Gann says, “The girls can come back and use their own clothes to model what they’ve learned about modesty at the conference. Their parents can come see them too.”
Parents must sigh a consent form for their child to attend the girls getaway, so registration is required.
All participants will receive a goody bag and T-shirt. The PTRC staff are also seeking donations so that each girl can have a Bible as well.
Gann said the girls’ day out is designed to reach out to teenagers before they need the services of the Center.
Gann also adds, “Younger kids have their vacation Bible schools. The older kids sometimes feel like they’re too mature to go to that. So this will be a fun thing for girls to go to, do things that are appropriate for their age, learn about God and get educated at the same time.”
If the event is successful, Gann hopes to plan a boys getaway later in the year.
To register, call 300-2795, 717-6386 or e-mail firstname.lastname@example.org
Holiday fundraiser helps out park, fire department
A host of residents in Argo celebrated Independence Day on
Saturday at a barbecue sale and family fun day in Argo Community Park.
The proceeds will benefit the park as well as the Argo Volunteer Fire Department.
The free event was organized by the park board and fire department "to bring the community together,” according to Marsha Prude, president of the board of directors for the fire department.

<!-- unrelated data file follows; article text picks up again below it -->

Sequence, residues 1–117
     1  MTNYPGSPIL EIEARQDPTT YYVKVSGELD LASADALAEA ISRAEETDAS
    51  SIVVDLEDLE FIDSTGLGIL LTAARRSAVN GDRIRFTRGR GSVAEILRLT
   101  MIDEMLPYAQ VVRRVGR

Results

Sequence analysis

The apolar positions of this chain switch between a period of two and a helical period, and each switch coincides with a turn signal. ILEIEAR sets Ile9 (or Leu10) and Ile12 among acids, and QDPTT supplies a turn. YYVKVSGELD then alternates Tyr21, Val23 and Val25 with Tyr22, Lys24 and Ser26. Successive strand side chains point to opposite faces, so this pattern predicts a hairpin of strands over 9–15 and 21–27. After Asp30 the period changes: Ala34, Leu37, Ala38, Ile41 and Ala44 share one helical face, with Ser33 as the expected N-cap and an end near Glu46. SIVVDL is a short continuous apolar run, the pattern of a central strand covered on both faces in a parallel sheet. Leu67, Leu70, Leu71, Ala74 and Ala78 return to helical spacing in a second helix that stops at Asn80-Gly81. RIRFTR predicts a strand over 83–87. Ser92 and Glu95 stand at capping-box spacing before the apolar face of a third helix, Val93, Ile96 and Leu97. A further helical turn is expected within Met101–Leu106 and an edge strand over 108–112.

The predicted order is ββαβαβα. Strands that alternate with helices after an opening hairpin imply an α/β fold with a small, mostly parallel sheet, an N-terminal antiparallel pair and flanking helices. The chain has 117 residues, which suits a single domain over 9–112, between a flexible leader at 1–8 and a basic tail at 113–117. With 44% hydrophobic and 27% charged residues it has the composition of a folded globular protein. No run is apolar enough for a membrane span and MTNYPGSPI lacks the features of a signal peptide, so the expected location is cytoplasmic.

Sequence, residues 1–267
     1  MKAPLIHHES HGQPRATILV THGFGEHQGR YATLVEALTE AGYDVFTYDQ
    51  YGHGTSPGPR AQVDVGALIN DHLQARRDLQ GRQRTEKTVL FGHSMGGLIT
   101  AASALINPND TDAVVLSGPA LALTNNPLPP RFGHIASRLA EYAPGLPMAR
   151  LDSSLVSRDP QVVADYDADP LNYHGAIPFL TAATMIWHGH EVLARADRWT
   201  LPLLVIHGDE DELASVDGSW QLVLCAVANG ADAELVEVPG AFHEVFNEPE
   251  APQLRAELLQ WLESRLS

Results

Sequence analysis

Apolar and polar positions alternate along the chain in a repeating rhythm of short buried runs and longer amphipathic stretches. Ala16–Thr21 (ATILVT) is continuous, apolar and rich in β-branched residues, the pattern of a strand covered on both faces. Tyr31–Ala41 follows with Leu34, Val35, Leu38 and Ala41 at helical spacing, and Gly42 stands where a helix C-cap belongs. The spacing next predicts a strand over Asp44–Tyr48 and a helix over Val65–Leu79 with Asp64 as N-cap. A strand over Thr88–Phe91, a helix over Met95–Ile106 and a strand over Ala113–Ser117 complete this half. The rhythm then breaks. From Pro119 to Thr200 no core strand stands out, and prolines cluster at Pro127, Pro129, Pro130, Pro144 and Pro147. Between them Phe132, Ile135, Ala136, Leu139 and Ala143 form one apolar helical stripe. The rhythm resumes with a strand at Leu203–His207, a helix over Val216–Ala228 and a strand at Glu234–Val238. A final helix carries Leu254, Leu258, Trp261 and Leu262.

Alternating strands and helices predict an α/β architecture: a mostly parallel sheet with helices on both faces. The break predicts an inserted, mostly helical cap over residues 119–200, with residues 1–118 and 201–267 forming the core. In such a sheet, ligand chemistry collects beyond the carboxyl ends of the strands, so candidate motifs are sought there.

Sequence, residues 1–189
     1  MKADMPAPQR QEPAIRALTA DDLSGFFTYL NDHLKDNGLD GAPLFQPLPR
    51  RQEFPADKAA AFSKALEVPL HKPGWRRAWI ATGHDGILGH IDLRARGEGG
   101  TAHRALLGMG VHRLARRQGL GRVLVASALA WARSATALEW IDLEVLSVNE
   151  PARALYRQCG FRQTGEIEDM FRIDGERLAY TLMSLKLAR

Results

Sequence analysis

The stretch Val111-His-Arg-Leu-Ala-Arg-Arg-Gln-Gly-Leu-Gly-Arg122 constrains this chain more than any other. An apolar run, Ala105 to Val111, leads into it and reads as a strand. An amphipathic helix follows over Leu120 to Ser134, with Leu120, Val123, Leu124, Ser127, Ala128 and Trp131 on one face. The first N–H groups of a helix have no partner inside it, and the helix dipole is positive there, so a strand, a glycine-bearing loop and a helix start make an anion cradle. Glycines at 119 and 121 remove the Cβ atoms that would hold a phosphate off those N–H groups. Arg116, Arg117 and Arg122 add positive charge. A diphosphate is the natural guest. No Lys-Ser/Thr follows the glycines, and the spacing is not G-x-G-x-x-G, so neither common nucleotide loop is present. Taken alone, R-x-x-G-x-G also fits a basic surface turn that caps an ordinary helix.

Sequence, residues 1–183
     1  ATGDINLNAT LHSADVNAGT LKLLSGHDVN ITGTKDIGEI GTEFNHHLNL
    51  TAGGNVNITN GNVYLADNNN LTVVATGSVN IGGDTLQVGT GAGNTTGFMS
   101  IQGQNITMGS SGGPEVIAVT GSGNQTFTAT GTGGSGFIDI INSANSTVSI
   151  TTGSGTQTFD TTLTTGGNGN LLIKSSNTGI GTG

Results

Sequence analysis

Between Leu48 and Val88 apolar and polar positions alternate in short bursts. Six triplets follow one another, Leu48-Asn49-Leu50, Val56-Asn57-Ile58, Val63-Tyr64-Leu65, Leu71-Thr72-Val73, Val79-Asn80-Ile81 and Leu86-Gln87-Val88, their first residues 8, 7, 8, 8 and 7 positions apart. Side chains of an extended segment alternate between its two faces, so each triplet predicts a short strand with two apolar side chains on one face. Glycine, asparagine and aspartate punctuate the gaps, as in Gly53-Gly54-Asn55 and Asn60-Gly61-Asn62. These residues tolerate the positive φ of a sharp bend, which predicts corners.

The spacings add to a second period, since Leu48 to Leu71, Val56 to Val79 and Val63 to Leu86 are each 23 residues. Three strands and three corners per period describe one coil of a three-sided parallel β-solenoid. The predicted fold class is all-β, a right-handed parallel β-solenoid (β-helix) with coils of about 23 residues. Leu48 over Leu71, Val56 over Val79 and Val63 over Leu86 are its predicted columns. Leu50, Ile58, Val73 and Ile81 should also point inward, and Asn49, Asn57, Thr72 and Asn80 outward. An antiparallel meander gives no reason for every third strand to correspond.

The Fourth of July celebration was once an annual event in Argo. However, it has been three years since the last one was held.
This year, members of the park board approached the fire department’s 15 volunteers about working together on a family fun day for local citizens.
The community park where the event was held has been an ongoing project since the land was donated several years ago.
The park features a walking trail and playground equipment, which was also donated.
WACF awarded five VISTA positions
The Walker Area Community Foundation was recently awarded five positions through AmeriCorps VISTA (Volunteers in Service to America).
VISTAs make a commitment to help fight poverty by serving for one year at a nonprofit organization or local government agency.